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Wildfires are ravaging California, with one blaze burning through more than 110,000 acres and destroying more than 800 homes.
The Carr Fire was captured by pilot footage showing plumes of smoke rising from forested hills near Redding, a city in the north of the state.
The inferno, the sixth most destructive in the state's history, has claimed the lives of at least seven victims after a utility worker died while working with a crew to restore power.
Combined, the Medocino Complex Fire - reportedly the second-largest wildfire recorded in the state - and the Carr Dire have destroyed more than 1,000 homes and force thousands to flee.
The White House approved a disaster declaration for the state, allowing affected residents to apply for federal disaster assistance, such as temporary accommodation and home repairs.
There are at least 18 major fires burning through California, authorities say.
Picture: Firefighters try to control a back burn as the Carr fire continues to spread towards the towns of Douglas City and Lewiston near Redding. 31 July, 2018.
Picture: Wade Britz looks at his burned home during the Carr Fire in Redding, California. July 2017, 2018.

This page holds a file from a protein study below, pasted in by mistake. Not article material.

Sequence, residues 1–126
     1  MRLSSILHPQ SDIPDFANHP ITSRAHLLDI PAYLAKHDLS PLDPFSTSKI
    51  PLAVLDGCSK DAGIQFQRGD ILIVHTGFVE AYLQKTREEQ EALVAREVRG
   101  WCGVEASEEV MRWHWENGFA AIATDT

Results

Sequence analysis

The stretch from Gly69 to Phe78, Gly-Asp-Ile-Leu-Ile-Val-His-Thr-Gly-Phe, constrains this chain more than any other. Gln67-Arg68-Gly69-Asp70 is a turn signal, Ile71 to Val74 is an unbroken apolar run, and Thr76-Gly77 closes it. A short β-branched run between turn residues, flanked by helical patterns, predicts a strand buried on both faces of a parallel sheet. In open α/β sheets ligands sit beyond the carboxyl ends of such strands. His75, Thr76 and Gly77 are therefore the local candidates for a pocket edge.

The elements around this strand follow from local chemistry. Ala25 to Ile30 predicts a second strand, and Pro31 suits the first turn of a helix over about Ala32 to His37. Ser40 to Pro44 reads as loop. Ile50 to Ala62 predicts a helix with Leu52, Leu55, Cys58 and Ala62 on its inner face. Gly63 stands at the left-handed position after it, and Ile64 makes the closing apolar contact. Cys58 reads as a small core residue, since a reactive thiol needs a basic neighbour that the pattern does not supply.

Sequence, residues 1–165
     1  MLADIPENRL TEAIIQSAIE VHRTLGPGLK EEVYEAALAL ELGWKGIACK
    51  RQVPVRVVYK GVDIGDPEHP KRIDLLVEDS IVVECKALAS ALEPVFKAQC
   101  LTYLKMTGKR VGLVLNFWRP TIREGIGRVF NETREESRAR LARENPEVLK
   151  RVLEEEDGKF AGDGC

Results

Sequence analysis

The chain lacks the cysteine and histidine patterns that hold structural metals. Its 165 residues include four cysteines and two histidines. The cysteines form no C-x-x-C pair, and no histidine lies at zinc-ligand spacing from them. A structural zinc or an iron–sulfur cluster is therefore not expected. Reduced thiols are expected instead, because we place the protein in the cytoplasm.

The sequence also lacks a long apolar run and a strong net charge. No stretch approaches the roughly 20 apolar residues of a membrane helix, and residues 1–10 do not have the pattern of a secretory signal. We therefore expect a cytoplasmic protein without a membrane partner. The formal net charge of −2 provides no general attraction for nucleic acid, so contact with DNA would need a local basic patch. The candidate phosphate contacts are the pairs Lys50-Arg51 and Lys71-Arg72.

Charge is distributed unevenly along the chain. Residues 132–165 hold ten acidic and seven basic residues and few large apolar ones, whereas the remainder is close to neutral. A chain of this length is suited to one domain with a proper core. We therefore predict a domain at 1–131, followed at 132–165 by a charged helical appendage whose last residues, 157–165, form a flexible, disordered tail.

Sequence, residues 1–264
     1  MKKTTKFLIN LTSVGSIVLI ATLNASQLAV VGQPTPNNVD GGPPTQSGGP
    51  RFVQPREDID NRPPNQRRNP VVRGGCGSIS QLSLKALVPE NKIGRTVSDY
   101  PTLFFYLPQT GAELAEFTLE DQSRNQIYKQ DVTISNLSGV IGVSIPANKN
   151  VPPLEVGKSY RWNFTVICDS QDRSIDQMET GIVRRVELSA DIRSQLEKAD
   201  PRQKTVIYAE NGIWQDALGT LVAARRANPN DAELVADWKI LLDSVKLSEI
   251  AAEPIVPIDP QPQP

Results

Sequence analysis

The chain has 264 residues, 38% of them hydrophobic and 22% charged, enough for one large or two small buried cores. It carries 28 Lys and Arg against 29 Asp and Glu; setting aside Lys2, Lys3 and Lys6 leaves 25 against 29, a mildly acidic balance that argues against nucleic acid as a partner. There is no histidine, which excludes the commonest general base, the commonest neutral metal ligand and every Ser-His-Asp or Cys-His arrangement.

The fires are so hot at times that they can generate their own weather patterns.
The Carr Fire produced a 'fire whirl', with winds speeds of more than 143mph and damage equivalent to an EF-3 scale tornado.
California recorded 9,560 wildfires in 2017 – about 2,000 more than the year before, according to the US Forest Service.
But, as of this July, wildfires have destroyed three time the amount of land compared to the time same period last year in California.
High temperatures with dry and windy conditions, exacerbated by years of drought, are resulting in particularly intense wildfires.
But there is not much hope it will soon improve: in California, the peak fire season is in autumn.
Daniel Swain, a University of California, Los Angeles climate scientist, told The Guardian:
We’re having peak fire season conditions in the off-peak time of year, and there’s no real indication that things are going to get better before the peak of the season in the fall.
He blamed the increase of wildfires across the state on 'climate whiplash', the sudden back-and-forth between wet and dry years.
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